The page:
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End of Year Estate Planning Tips

As we approach the holidays, estate planning is probably the last thing on your mind. The end of the year is actually a great time to think about your estate plan. Here are some tips for year end planning.

1. Consider making gifts before year end. Gifting to your children or grandchildren is a basic and powerful estate planning tool. The annual gift tax exclusion is the amount an individual can gift to any number of donees without a gift tax consequence. In 2010, you can gift $13,000 ($26,000 for married couples) per donee and there will be no gift tax. A married couple could for example, give $26,000 to their 3 children and $26,000 to their 3 grandchildren for a total of $156,000 . Gifting takes those assets of $156,000 out of their estate, thus potentially reducing any estate tax due if they should die in 2011. The gift tax exemption does not carry over into the next year so if you do not use it before the end of the year, you lose it.

2. Pay education tuition and medical expenses.
Payments for education and medical expenses are not considered taxable gifts and are not included in the annual exclusion of $13,000 or the lifetime exclusion limits of $1,000,000. The payments have to be made directly to the school or the medical provider to qualify for exemption.

3. Fund a 529 Plan. Section 529 of the Internal Revenue Code permits a taxpayer to establish a special account to pay college expenses. Investmenst in a 529 plan accumulate income tax free and later distributions used for qualified educational expenses are not subject to federal income tax.

4. Consider irrevocable trusts. Given that the federal estate tax exemption is set to revert back to $1,000,000 on January 1, 2011, if you are worried about passing away with a taxable estate, there are trusts that you can create in an effort to eliminate or reduce estate taxes. A Grantor Retained Annuity Trust (“GRAT”) is an irrevocable trust where you transfer assets into the trust but retain the right to receive annual payments of a fixed dollar amount for a specific period of time. At the end of that period of time, the remaining trust assets can go to your beneficiaries. Other types of irrevocable trusts which can reduce the size of your taxable estate are Irrevocable Life Insurance Trusts (“ILITs”) and Qualified Personal Residence Trusts (“QPRTs”).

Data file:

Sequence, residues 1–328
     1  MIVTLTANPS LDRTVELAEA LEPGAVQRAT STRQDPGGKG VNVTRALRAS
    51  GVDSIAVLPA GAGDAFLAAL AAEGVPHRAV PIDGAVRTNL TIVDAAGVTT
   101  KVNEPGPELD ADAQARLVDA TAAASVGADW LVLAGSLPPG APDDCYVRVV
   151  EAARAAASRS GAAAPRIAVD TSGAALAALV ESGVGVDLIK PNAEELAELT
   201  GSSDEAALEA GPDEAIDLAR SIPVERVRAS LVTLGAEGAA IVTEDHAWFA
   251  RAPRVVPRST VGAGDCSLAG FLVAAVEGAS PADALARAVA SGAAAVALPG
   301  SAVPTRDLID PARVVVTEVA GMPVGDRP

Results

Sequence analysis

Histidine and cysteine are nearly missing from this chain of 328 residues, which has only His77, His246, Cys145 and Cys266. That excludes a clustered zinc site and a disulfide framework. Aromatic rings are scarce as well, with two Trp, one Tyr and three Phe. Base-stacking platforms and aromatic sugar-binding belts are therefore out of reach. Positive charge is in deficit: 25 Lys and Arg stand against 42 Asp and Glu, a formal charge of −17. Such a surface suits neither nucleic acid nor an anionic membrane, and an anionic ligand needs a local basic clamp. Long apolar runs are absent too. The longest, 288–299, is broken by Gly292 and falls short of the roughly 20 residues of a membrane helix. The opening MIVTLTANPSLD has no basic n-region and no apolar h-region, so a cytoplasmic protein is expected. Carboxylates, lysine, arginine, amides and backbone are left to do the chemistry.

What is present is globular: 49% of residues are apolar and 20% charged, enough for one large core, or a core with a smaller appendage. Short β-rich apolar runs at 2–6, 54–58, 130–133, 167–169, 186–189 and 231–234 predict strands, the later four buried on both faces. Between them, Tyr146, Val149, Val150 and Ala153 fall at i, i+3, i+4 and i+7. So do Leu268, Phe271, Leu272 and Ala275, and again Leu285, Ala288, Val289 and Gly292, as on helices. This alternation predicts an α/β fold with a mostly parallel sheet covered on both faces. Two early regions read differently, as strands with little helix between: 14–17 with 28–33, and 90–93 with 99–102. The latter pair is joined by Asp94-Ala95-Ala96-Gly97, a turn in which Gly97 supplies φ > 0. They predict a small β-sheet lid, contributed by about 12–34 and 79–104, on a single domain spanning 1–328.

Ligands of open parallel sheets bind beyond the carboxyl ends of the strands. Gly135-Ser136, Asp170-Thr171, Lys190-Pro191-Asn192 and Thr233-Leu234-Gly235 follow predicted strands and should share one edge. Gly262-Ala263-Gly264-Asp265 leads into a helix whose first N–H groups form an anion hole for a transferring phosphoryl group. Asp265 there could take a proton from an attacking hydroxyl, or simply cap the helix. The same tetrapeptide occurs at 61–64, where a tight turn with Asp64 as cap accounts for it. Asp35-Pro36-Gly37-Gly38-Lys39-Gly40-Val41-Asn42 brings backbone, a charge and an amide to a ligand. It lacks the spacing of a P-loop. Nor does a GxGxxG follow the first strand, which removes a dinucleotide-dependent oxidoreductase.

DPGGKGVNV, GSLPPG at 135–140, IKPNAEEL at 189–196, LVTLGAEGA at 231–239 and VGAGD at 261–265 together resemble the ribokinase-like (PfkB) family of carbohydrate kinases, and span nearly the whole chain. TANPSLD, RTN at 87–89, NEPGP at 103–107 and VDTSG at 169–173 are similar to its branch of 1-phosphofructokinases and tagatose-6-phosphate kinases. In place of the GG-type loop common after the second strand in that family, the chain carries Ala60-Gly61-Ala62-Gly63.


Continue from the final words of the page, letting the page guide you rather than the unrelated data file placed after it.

5. Create or review your estate plan. As you think about the upcoming year and reflect about your life (where you are going personally and financially) now is a good time to create an estate plan if you don’t have one, or review the one you have to make sure it still carries out your wishes and goals. Maybe you had a child in 2010, got a divorce, inherited some money, got remarried, started a business, plan to retire soon, etc. These are all good reasons to review what you have in place in the way of estate planning documents and update them if necessary.

The estate planning attorneys at Scott C. Soady, A Professional Corporation can help you with your year end estate planning. It only takes an hour or so to get started on your estate plan and then you can go back to the holiday festivities with peace of mind.

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